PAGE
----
By Sue Pleming
UNITED NATIONS, Jan 8 (Reuters) - Arab ministers haggled with Western powers over U.N. action to end violence in Gaza, pushing for a binding resolution while the United States sought a more diluted response.
U.S. Secretary of State Condoleezza Rice and the foreign ministers of France and Britain stayed on an extra day in New York to push their case with Arab ministers, who face mounting anger on the street at home if they return without a strong U.N. response to Israel’s invasion of Gaza last month.
"We believe there is still work to do," Rice told reporters after late-night discussions between Western and Arab ministers at U.N. headquarters in New York on Wednesday.
As diplomats argued over whether to adopt a resolution, violence continued on the ground. Israeli planes bombed the Gaza Strip on Thursday and tanks pounded Palestinian guerrillas for the 13th day in response to Hamas attacks deep into Jewish state.
The United States and its allies want a presidential statement to emerge from the U.N. Security Council, far weaker action than a robust U.N. resolution being pushed by Arab states, which Israel strongly opposes.
Negotiations were set to resume at the United Nations at 10 a.m. EST (1500 GMT) and Britain’s foreign minister said it was important that there be unity in tackling the Gaza crisis.
"The world needs to hear the united voice of the Security Council," said British Foreign Secretary David Miliband, who also extended his trip to New York to try to reach a deal with Arab ministers.
Egyptian Ambassador Maged Abdelaziz insisted a resolution was necessary to halt the fighting in which more than 650 Palestinians have been killed.
"We do not accept the presidential statement as it stands alone, meaning that the ministers can ... go home and arrive to find the fighting still going on," he told reporters.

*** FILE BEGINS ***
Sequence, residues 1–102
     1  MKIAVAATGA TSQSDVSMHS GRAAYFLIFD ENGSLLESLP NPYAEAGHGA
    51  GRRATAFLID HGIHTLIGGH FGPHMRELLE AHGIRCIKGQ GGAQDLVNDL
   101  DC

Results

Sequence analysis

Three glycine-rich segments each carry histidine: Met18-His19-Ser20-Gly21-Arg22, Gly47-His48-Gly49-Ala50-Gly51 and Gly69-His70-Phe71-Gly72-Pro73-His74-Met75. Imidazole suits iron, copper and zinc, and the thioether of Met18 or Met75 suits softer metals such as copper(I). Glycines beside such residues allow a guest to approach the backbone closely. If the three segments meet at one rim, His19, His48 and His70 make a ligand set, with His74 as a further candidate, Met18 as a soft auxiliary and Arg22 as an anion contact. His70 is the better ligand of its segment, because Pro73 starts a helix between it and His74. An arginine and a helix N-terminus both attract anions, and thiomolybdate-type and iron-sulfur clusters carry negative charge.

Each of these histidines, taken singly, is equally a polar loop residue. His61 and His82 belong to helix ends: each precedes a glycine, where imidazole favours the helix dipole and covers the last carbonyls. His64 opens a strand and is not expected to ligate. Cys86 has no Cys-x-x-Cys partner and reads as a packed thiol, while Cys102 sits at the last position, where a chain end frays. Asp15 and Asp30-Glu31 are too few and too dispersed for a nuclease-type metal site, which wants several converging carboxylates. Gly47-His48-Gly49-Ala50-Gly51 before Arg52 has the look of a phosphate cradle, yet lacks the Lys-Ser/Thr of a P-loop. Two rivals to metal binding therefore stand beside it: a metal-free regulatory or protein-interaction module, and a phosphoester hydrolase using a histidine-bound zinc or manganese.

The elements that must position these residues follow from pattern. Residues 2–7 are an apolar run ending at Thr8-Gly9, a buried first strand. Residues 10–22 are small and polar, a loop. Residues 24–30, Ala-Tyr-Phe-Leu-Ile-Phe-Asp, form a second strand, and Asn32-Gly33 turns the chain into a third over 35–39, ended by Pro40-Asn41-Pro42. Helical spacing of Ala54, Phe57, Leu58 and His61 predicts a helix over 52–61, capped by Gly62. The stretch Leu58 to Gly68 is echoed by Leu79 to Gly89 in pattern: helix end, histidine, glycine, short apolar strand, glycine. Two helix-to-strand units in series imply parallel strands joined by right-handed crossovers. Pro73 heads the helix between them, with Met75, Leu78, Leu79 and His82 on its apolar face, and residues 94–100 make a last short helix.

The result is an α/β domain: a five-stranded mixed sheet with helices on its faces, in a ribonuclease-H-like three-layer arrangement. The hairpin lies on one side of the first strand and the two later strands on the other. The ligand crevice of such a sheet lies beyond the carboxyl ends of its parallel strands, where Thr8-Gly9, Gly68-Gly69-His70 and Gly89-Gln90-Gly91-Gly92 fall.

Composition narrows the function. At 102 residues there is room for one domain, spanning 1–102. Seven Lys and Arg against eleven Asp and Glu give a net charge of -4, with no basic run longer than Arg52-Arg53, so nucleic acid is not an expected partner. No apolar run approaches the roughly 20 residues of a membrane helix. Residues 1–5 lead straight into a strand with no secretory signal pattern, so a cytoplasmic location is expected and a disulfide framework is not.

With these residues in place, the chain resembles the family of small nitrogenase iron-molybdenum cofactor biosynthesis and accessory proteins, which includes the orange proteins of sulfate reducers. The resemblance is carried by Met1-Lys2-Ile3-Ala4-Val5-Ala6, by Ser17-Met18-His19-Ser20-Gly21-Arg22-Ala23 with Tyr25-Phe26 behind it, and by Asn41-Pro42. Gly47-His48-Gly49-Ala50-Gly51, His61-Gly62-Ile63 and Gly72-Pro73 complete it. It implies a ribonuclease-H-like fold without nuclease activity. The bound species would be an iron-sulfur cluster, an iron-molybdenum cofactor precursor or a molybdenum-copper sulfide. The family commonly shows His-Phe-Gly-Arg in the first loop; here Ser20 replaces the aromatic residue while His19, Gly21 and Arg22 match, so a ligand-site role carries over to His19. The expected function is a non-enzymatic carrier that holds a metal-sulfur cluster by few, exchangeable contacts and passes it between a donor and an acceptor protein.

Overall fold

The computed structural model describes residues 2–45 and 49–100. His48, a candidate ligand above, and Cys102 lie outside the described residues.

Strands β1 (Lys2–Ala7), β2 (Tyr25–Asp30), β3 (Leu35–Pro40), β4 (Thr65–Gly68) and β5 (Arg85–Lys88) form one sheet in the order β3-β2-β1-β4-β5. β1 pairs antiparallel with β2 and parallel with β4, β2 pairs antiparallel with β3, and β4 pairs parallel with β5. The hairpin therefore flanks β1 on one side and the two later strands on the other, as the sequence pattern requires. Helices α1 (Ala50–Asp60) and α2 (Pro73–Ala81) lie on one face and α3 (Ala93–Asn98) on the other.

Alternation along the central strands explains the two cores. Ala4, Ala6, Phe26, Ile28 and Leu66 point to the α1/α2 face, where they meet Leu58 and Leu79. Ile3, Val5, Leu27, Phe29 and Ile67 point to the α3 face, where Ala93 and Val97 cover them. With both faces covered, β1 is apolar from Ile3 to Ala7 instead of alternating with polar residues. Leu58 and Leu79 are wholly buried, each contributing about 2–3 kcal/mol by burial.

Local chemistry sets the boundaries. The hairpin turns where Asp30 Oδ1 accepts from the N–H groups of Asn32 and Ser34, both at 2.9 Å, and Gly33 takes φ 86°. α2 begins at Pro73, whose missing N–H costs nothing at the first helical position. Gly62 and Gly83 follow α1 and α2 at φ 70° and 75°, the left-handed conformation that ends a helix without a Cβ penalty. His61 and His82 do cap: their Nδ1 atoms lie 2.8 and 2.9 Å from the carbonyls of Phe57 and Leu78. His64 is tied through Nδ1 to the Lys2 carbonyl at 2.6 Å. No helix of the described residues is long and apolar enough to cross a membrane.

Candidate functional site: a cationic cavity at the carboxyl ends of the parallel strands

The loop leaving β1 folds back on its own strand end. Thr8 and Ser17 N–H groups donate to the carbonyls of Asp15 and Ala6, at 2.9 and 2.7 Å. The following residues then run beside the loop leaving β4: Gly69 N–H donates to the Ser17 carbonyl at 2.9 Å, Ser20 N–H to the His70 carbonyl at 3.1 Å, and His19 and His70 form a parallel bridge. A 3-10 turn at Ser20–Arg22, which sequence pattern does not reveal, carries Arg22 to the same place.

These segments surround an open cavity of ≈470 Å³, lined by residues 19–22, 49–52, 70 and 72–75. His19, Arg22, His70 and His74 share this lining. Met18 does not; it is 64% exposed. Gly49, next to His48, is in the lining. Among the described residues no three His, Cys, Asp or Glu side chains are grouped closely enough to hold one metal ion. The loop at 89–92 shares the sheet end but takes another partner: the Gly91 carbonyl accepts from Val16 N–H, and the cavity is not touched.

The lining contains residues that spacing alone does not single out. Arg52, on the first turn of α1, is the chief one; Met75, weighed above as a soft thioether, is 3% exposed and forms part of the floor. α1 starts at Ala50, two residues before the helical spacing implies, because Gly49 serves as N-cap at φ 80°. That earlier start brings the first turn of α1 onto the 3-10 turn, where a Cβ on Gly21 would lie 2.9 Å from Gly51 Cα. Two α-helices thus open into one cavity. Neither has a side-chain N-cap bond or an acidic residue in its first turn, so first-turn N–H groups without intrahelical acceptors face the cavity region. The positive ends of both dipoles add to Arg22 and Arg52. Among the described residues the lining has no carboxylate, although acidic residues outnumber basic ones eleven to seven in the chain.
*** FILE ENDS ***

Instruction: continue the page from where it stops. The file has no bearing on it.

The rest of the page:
Another Arab diplomat, who declined to be named, said the United States was holding back on calling for an immediate ceasefire, but rather referring to a "durable and sustainable" truce which would take longer to draw up.
"Our view is get a ceasefire now," said the Arab diplomat. "It’s about principles and taking a position."
The Arabs want a Libyan-drafted resolution which focuses heavily on Israel’s actions and makes only a fleeting reference to Palestinian rocket-firing. It "demands an immediate and permanent ceasefire in the Gaza Strip."
The nonbinding statement drafted by the three Western powers contains no demands, but "stresses the urgent need for an immediate and durable ceasefire." It also voices strong concern over the humanitarian crisis in Gaza.
Also under discussion is an Egyptian ceasefire proposal between Hamas and Israel, which the United States backs while trying to include its own elements.
The Egyptian plan, partly brokered by France, calls for an end to the rocket attacks on Israel, the opening of Gaza border crossings and an end to weapons smuggling into Gaza.
Hamas said it was looking at the Egyptian plan while Israel said there was a broad understanding of the "general principles" outlined in the offer from Cairo. (Editing by Mohammad Zargham)